IF DONALD TRUMP HAD HAD HIS WAY, five innocent men alive today would have been put to death as children 30 years ago. And that doesn’t seem to bother him. They are black and HIspanic, after …
IF DONALD TRUMP HAD HAD HIS WAY, five innocent men alive today would have been put to death as children 30 years ago. And that doesn’t seem to bother him. They are black and HIspanic, after all.
It’s been 30 years, so a great many of today’s viewers of the passing scene don’t remember this epitomizing example of rampant and arrogant racism. But for many of us, it is typical of Donald’s self-assumed privilege and superiority, his self-anointment as some sort of exemplary champion of the human race by virtue of his wealth and whiteness.
This is not the only example of Donald’s past and present racism, yet he managed to weasel his way into the presidency of the United States without the popular vote of the American public. And now he expects us to conveniently dismiss his 73-year-old past as “fake news” and elect him to lead us through some off-hand imaginary paradisiacal future like a mighty white leopard with all its spots erased. And he has the gall to attempt wooing black voters to carry him on their shoulders.
Look again at the illustration above, part of which is from just four years ago, a year before he was elected to office.
The Central Park jogger case was based on the violent assault, rape and sodomy of Trisha Meili, a jogger in New York City’s Central Park on April 19, 1989, as well as what were thought to be related attacks on eight other persons in the park that night. Meili, badly beaten, was in a coma for 12 days. She was found stripped, covered with mud and having lost three-quarters of her blood, her body turning cold.
It’s a bit sketchy why five schoolboys, only one as old as 16, were the ones charged. Confessions were coerced but recanted prior to trial. Trump painted the media image of roving “wild” gangs in Central Park after dark as the result of a “reckless and dangerously permissive atmosphere which allows criminals of every age to beat and rape a helpless woman then laugh at her family’s anguish.” In calling for enhanced police powers, the death penalty, etc. he scoffed at compassion for urban youth. “I no longer want to understand their anger,” said his ad; “I want them to understand our anger. I want them to be afraid.”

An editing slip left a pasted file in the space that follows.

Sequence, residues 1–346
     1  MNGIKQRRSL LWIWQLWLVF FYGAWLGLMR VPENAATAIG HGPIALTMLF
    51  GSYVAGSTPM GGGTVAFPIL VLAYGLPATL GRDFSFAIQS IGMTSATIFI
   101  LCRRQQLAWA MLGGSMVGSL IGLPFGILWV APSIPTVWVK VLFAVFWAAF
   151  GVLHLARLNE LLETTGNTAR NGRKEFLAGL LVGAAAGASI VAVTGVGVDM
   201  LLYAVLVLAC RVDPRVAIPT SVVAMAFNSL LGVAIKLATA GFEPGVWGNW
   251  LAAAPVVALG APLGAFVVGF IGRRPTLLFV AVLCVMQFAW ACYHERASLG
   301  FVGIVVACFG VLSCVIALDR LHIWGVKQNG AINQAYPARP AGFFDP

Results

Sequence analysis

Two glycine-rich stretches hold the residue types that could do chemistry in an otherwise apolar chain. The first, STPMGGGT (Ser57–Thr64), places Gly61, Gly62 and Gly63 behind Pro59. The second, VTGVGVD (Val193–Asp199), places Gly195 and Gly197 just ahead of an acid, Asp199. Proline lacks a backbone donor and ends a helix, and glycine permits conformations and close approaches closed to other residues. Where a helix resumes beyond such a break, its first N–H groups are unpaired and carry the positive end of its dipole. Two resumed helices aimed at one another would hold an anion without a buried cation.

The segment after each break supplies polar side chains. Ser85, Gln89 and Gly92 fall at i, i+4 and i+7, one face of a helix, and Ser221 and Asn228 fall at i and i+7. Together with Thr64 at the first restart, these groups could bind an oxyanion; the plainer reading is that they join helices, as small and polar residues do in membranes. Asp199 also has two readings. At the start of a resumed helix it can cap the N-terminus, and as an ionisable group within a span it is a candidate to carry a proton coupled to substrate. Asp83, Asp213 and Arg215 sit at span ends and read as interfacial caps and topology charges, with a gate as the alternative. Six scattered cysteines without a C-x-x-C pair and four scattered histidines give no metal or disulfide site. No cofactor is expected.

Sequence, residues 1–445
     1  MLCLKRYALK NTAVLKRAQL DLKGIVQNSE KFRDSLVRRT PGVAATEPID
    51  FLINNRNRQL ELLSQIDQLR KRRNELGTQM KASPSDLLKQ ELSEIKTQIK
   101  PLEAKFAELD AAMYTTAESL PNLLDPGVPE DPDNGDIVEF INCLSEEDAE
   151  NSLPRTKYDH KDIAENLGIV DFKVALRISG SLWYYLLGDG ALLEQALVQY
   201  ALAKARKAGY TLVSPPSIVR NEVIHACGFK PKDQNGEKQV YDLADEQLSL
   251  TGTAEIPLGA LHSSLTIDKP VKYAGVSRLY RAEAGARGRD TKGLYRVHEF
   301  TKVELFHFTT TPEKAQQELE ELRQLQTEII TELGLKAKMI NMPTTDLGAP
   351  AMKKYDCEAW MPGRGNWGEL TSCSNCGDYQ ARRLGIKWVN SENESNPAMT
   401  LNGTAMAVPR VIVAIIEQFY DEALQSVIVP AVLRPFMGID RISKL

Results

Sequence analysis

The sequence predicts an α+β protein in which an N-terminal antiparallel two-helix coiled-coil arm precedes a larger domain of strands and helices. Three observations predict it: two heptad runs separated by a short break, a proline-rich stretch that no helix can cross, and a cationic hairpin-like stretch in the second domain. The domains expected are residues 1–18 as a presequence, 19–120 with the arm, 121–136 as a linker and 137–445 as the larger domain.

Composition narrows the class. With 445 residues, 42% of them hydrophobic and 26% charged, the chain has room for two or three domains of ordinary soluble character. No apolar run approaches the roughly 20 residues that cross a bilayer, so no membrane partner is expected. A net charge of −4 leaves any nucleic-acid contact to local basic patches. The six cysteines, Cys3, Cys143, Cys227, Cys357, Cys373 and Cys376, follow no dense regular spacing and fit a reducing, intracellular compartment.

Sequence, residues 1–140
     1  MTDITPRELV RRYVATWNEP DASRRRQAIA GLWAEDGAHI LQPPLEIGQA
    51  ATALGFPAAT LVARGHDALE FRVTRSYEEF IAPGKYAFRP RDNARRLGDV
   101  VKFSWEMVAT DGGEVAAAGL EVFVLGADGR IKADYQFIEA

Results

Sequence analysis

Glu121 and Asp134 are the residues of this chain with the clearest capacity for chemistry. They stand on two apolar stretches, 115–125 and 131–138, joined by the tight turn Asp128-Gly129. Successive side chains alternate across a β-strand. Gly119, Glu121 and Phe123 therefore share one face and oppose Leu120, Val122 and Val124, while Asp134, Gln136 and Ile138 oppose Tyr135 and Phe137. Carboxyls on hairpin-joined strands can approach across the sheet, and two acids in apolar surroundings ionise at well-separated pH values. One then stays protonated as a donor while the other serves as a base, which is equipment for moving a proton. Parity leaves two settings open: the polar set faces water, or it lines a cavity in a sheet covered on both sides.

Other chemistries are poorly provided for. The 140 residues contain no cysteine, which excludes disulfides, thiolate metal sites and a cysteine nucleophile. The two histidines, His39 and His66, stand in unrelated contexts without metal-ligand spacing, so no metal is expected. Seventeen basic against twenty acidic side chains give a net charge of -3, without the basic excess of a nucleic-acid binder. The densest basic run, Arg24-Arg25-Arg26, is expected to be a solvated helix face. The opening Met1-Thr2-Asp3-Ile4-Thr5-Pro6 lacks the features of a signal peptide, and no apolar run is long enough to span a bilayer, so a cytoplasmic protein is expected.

But he was unable to quite whip up the modern equivalent of an old-time lynch mob.
Although none of the suspects’ DNA matched that at the crime scene, the youths were duly found guilty, sentenced to prison and finally absolved 13 years later by confession of the true culprit, whose guilt was confirmed by DNA evidence. The charges against them were vacated.
And Donald still does not understand the anger of urban black youth—and yes, he is President of the United States and they still have reason to be afraid. As do Latinos, such as the undocumented Mexicans he publicly described as “rapists.”
Apparently the world will never see the day that Donald apologizes or admits a mistake. He has never apologized to the Central Park Five. After these wrongly-convicted men were absolved of guilt 13 years later, New York City reached a $41-million settlement with them in 2014, Trump—would you believe?—authored an op-ed article full of disgust in the Daily News. He said the settlement was “ridiculous” and “settling doesn’t mean innocence.”
But thank heavens most of us, I hope, still believe in the presumption of innocence in the first place—let alone acceptance once it even has been officially proven. Donald, of course, got off scot-free, as apparently his role in the trial outcome was considered peripheral.
As one writer concluded just before the 2016 election, Donald’s published words and “his unrepentant stance toward those innocent men, show that Trump’s supposed commitment to law and order is based on engendering panic, not imposing safety. That’s the position an oligarch takes, not a public servant. The same ‘a—hole’ who wrote the Central Park ad is who Republicans nominated for president.”
And the GOP likely will nominate him again four years later—and my disgust will be that some blacks, some Latinos and many whites will again vote for him.
The Central Park Five were Antron McCray 15, Kevin Richardson 15. Yusef Salaam 15, Raymond Santana 14 and Korey Wise 16. They served sentences from 6 to 13 years.
An award-winning documentary, “The Central Park Five,” was released at the Cannes Film Festival on May 24, 2012, and in the U.S. on Nov. 23, 2012.
See also: https://www.esquire.com/entertainment/a27586174/when-they-see-us-central-park-5-donald-trump/